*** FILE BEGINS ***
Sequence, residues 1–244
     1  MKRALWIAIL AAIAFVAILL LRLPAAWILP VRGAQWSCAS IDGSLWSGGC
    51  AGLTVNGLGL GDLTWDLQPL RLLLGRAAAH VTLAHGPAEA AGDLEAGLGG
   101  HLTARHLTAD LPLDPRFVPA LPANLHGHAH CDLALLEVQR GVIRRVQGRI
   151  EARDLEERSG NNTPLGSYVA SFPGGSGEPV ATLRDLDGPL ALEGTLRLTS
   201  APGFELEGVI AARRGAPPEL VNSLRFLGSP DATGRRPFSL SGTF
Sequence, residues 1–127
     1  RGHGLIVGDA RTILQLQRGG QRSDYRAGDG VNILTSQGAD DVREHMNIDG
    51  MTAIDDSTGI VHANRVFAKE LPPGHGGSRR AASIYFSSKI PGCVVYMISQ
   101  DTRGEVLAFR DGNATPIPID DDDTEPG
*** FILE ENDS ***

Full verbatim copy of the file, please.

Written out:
Sequence, residues 1–244
     1  MKRALWIAIL AAIAFVAILL LRLPAAWILP VRGAQWSCAS IDGSLWSGGC
    51  AGLTVNGLGL GDLTWDLQPL RLLLGRAAAH VTLAHGPAEA AGDLEAGLGG
   101  HLTARHLTAD LPLDPRFVPA LPANLHGHAH CDLALLEVQR GVIRRVQGRI
   151  EARDLEERSG NNTPLGSYVA SFPGGSGEPV ATLRDLDGPL ALEGTLRLTS
   201  APGFELEGVI AARRGAPPEL VNSLRFLGSP DATGRRPFSL SGTF
Sequence, residues 1–127
     1  RGHGLIVGDA RTILQLQRGG QRSDYRAGDG VNILTSQGAD DVREHMNIDG
    51  MTAIDDSTGI VHANRVFAKE LPPGHGGSRR AASIYFSSKI PGCVVYMISQ
   101  DTRGEVLAFR DGNATPIPID DDDTEPG